Yesterday Isidre Esteve started his journey to Saudi Arabia, the starting place of the 42nd Dakar Rally, the first to take place in Asia. The Repsol Rally Team driver took off from the Barcelona airport en route to Jeddah, where he will land tomorrow (Friday) morning, after a short layover in Istanbul, Turkey.
“We are already raring to arrive in Jeddah to run the final test on the car, pass the prerace checks and start experiencing the ambiance of the new Dakar in Saudi Arabia. We’ve been waiting for this moment all year and now we can finally say that it’s about to begin”, said Esteve from Terminal 1 of the Barcelona airport.
Dakar 2020 is full of unknowns that Esteve is taking on optimistically: “It will be a new race that will attempt to recover the African spirit of its roots with very long stages and a lot of time in the desert. The race's time in South America was wonderful and we made great friends, but Dakar needed a change and I’m sure that the race this year will be difficult and exciting”.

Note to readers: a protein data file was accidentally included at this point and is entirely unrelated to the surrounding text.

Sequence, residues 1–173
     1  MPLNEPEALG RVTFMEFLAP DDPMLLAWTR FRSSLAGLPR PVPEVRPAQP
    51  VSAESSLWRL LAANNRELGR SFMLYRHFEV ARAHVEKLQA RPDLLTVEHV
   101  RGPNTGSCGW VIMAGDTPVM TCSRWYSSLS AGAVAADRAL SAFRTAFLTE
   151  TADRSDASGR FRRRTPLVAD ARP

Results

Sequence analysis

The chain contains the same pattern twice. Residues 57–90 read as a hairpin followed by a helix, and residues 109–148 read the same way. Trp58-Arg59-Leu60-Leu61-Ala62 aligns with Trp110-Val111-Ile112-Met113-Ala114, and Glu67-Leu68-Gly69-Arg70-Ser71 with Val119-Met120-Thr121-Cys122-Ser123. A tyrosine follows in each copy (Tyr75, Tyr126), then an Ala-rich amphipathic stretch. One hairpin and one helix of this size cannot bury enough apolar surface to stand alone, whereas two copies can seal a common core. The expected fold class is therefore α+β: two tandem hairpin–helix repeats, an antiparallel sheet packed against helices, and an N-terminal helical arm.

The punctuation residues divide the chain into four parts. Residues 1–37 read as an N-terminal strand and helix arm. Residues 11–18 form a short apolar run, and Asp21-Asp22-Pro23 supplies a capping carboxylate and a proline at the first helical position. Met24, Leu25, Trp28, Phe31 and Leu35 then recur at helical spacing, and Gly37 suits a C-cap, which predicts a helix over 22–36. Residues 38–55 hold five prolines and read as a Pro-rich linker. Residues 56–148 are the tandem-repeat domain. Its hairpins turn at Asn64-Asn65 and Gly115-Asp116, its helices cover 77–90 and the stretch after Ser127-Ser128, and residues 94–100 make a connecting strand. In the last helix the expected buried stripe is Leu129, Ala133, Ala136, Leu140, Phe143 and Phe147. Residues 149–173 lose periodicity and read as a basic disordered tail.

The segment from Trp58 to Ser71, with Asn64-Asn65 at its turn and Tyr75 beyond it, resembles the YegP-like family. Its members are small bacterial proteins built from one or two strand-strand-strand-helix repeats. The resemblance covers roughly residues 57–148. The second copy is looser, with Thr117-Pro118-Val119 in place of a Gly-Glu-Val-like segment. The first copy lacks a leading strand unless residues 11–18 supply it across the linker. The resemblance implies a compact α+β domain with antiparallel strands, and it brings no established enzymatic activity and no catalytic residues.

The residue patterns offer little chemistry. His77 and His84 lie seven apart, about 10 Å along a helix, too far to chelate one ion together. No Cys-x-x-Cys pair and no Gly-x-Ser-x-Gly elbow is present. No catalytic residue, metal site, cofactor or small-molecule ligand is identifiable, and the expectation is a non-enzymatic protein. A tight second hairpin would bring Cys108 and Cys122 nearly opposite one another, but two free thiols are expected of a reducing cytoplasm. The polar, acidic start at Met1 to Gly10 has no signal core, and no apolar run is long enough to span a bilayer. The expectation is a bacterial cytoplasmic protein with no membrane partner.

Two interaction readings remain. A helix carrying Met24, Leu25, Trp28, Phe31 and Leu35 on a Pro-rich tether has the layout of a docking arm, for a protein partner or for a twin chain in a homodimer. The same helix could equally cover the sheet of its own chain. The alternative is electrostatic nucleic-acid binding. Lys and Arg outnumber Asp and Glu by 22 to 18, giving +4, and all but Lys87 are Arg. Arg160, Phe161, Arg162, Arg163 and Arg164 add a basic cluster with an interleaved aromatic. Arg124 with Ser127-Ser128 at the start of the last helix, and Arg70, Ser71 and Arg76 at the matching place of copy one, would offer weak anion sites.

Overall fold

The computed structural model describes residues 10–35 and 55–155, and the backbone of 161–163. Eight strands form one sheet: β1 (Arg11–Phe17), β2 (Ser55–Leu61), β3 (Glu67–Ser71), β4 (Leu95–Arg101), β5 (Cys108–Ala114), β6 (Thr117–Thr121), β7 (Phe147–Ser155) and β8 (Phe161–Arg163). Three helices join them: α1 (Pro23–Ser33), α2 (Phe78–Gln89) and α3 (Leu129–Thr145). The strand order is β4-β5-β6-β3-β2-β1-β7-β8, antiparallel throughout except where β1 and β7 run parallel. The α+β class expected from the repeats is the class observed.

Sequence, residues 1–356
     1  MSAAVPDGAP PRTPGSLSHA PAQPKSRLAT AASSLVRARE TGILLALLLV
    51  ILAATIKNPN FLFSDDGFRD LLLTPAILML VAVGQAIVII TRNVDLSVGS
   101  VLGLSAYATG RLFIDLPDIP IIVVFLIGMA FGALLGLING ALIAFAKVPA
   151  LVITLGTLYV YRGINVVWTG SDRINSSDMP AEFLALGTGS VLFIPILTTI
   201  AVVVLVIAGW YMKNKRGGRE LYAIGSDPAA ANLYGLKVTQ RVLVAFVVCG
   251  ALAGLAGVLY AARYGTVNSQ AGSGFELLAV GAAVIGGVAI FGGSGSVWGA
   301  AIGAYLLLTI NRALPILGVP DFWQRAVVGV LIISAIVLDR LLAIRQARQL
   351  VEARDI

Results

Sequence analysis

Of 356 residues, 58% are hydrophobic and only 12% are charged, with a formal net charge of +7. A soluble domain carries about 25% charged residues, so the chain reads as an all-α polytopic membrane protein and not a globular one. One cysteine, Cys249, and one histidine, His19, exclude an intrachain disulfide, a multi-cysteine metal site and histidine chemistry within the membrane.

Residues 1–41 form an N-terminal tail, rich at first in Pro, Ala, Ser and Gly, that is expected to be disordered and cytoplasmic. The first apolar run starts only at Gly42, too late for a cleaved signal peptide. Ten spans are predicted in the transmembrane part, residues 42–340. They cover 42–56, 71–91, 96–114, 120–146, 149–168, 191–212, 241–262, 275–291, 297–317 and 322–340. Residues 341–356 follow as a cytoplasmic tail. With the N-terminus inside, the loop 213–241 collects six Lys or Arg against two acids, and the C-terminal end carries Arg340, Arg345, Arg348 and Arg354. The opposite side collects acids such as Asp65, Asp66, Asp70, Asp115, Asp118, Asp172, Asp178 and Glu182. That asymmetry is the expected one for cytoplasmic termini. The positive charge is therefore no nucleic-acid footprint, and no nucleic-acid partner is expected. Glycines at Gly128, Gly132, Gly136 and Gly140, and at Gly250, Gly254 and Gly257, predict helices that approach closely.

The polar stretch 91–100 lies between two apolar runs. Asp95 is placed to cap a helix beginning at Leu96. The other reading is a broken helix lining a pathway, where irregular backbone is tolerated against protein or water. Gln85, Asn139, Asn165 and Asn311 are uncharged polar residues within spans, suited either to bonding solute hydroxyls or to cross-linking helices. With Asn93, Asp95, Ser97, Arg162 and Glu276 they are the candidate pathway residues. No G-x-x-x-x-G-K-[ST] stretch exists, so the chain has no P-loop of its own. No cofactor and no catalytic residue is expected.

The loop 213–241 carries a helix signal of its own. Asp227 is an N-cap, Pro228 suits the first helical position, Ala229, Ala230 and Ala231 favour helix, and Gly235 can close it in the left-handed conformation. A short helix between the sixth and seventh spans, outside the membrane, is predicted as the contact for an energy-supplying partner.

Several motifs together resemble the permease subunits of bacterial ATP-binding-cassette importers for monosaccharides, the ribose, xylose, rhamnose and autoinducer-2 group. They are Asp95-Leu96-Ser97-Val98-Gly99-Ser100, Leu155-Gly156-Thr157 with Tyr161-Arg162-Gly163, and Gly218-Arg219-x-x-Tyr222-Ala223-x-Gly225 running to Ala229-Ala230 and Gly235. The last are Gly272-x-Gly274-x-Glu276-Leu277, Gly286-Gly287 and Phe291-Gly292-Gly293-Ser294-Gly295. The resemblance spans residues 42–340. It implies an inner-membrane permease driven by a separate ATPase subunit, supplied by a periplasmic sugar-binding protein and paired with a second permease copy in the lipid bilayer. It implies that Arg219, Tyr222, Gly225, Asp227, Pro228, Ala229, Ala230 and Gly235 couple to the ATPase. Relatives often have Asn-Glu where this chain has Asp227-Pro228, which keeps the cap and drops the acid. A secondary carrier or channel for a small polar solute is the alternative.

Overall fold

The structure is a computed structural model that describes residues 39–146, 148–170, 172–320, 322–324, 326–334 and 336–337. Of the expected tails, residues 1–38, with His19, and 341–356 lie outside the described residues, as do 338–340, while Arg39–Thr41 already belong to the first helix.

To take on this challenge as confidently as possible, the Repsol Rally Team has introduced new components into its all-terrain vehicle with adapted controls on the steering wheel. “Over three years with the same car, we’ve made a great deal of progress to become more competitive and it’s working better than ever. We’d like to go from 21st place in the last two races and fight to finish in the top 15, although it won't be easy because the competition gets tougher every year and we are taking on very strong opponents”.
The Oliana-born driver is travelling with his copilot, Txema Villalobos, his partner and trainer Lidia Guerrero, and his trusted mechanics David Pigem and Carlos Méndez. The five members of the Repsol Rally Team will arrive in the Middle East on Friday at 5:20 am local time. They will have a very busy first day, as they will have to perform a brief shakedown and pass the technical checks.
The goal is to verify that their T1.2 class BV6 prototype (4X4 modified all-terrain diesel vehicle) is in perfect condition to start the race on 5 January in Jeddah. The world’s toughest rally will end on 17 January in Quiddiya, after 12 demanding stages and 7,800 kilometres, of which 5000 will be timed. Esteve predicts that it will be “a challenging race from day one, a race full of surprises, so we’ll have to be cautious and never forget that our primary goal is finishing”.